As I have been doing since its inception, I attended the 2014 Vogue Festival last weekend, on the Southbank. While this event is attractive to the aspiring thousands who dream of ‟breaking into” the fashion and luxury arenas, I think that the content of such festival is still very superficial and biased to make the fashion and luxury sectors look like La La Land.
1. Why were Vogue interviewers avoiding all the hard questions?
I attended three of the sessions programmed on Saturday 29 March at the 2014 Vogue Festival, in particular ‟My fashion life” with legendary shoe designer Manolo Blahnik, American hyper successful fashion entrepreneur Tory Burch and creative director of Italian cool and edgy brand Missoni, Angela Missoni.
These three high-profile individuals were interviewed by Vogue’s fashion director, Lucinda Chambers, in about 45 minutes.
At no point during that interview were some important questions asked about legacy and passing on the torch to the next generations, to continue the so-called ‟fashion life”.
For example, fashion dynasty Missoni suffered several blows, in the last year or so, when Vittorio Missoni, Missoni’s chief executive officer and son of the two founders, Rosita and Ottavio, died in a plane crash in January 2013. Patriarch Ottavio Missoni, the brains behind the Missoni brand, passed away in May 2013. I was therefore expecting Ms Chambers to ask, in a considerate and respectful manner of course, during her interview with creative director Angela Missoni, how the Missoni brand was restructuring itself, having lost two of its most important business minds in the span of six months last year.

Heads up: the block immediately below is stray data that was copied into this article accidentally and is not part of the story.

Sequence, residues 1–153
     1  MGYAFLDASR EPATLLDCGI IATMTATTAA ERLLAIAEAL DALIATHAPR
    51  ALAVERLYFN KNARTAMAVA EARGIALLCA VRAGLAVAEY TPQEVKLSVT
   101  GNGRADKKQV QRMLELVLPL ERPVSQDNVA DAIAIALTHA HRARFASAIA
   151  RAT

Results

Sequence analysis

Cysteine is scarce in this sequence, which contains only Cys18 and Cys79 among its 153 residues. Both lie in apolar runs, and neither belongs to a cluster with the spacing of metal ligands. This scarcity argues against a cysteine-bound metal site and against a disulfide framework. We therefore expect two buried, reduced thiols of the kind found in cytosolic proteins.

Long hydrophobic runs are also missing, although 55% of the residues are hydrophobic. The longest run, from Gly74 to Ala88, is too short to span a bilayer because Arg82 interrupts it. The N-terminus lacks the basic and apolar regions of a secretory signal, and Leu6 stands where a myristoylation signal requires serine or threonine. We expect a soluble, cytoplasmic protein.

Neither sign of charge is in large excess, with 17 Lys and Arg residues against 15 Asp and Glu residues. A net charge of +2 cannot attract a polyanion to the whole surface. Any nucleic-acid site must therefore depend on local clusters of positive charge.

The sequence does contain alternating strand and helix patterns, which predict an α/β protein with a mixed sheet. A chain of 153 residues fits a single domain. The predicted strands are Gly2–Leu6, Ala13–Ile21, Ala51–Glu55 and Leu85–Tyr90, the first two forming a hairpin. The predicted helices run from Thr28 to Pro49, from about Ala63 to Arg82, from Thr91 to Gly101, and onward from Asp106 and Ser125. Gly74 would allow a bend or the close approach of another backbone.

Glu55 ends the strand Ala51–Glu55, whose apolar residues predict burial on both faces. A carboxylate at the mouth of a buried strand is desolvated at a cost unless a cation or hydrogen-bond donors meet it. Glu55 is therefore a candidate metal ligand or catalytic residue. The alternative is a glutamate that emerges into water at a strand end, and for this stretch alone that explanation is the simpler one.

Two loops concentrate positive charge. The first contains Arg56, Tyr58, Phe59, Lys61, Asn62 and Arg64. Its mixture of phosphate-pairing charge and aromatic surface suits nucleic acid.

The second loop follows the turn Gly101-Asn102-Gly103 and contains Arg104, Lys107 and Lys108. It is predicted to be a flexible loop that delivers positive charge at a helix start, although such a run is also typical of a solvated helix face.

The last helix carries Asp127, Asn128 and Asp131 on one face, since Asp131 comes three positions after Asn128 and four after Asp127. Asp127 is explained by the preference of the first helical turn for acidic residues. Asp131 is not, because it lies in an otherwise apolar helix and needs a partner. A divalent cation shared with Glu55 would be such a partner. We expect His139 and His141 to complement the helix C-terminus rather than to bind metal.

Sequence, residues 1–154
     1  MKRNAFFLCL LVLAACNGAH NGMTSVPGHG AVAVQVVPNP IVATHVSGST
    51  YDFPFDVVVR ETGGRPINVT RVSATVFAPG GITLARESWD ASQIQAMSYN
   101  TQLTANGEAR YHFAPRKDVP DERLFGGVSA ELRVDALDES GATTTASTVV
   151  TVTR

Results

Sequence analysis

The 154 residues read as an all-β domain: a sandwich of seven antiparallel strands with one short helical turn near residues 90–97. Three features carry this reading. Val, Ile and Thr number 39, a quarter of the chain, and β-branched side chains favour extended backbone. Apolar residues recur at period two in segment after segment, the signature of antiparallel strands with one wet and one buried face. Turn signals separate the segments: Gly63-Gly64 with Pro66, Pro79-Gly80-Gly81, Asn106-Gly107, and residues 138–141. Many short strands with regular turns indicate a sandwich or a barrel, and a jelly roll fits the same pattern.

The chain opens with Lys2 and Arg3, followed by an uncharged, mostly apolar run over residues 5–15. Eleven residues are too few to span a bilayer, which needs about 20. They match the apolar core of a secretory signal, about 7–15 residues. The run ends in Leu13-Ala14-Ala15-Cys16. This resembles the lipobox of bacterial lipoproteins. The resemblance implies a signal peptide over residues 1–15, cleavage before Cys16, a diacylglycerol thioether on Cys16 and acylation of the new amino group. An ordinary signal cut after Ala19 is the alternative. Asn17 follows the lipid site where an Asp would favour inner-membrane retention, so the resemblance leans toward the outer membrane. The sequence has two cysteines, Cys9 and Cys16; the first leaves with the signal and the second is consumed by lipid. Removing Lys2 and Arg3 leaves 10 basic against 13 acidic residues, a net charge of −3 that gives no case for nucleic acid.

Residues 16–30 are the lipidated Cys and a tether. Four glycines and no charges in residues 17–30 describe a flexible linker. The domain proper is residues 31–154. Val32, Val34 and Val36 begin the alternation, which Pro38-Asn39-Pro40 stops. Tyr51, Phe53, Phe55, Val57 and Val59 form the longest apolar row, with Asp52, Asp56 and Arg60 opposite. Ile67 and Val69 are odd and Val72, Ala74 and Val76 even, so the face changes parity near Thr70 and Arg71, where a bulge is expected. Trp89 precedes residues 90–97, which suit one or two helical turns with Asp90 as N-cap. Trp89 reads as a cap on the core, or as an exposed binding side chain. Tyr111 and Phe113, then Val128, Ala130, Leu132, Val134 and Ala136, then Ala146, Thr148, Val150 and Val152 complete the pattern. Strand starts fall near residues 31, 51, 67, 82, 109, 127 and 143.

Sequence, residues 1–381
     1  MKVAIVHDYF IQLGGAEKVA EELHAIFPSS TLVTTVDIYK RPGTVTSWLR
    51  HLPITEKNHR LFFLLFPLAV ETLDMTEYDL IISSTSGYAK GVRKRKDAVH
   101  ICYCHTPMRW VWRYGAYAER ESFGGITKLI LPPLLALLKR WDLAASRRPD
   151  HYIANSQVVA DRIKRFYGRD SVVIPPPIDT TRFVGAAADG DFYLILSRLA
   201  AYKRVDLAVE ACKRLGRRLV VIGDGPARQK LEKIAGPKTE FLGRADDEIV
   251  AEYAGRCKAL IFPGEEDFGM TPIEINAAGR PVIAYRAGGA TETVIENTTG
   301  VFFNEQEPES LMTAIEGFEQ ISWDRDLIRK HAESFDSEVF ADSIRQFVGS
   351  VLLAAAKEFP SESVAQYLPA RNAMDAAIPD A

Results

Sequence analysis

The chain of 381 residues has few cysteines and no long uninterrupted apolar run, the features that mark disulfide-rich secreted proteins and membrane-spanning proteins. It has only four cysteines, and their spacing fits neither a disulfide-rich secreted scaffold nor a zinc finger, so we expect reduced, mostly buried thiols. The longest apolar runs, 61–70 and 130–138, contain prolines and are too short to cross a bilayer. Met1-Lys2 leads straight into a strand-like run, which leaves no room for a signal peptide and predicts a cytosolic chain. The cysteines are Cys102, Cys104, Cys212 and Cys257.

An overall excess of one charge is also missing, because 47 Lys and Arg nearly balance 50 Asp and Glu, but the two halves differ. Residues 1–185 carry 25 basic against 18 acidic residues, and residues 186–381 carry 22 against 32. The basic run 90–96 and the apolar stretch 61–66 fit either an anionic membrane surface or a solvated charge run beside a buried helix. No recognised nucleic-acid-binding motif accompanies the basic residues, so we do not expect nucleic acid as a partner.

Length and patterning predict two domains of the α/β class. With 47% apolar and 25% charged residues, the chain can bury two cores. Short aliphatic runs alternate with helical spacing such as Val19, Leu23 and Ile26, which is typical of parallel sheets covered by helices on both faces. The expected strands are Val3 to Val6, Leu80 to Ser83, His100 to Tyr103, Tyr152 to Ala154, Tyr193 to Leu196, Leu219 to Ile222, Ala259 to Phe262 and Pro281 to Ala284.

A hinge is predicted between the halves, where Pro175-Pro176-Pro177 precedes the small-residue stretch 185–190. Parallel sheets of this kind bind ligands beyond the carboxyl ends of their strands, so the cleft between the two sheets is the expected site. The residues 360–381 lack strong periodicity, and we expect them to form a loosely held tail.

Absolutely nothing of the sort was mentioned, Ms Chambers and Ms Missoni surfing on the surface of what it was like working with your mother Rosita and your daughter Margherita (none of whom occupy business and management roles in the Italian company) during the whole interview. The creative side of Missoni is amply covered, with Angela, Rosita and Margherita Missoni all having some creative roles in the business. What is missing, in this brand and fashion business, is an apt and astute manager with a vision to grow and fortify the Missoni business around the world.
How come such critical weakness of the Missoni brand was brushed aside by Vogue?
Another example of this avoidance to ask real and purposeful questions is illustrated with Ms Chambers’ interactions with Manolo Blahnik. I understand that this man was born in 1942, so he is 72 years old (way older than my father!). He manages his business with his sister, Evangelina Hulsebus-Blahnik and his niece, Kristina Blahnik.
As Mr Blahnik confirmed during the interview last Saturday, he abhors working with teams and works alone without assistants or apprentices. He is therefore solely responsible for the design of every one of the thousands of shoes that bear his name.
This is great and very impressive, but what will happen when Manolo Blahnik decides to stop being involved in the business or dies? Does he, his sister and his niece have some succession plans in place, to organise that transition to another era of the Manolo Blahnik’s brand and to continue ‟the fashion life”?
Again, absolutely nothing was mentioned by Lucinda Chambers on the subject, as she played it very safe and preferred to have some sort of monologues exchanged between Mr Blahnik and herself, during her whole interview.
As a journalist, is it not your role to discover the truth or, at the very least, look for it?
Instead of asking vacant questions about the banana plantations that Ms Blahnik’s mother used to have in the Canary island city of Santa Cruz de la Palma (!), wouldn’t it have been more meaningful for Ms Chambers to prompt her interviewees on real key issues and challenges relating to their ‟fashion life” and its continuation?
I really felt, during the 2014 Vogue Festival, that it was down to the members of the audience (i.e. all of us), to raise the bar, at the end of each interview conducted by either Ms Chambers or Vogue’s editor Alexandra Shulman, and finally get to hear answers to all the questions that were burning the tips of our tongues!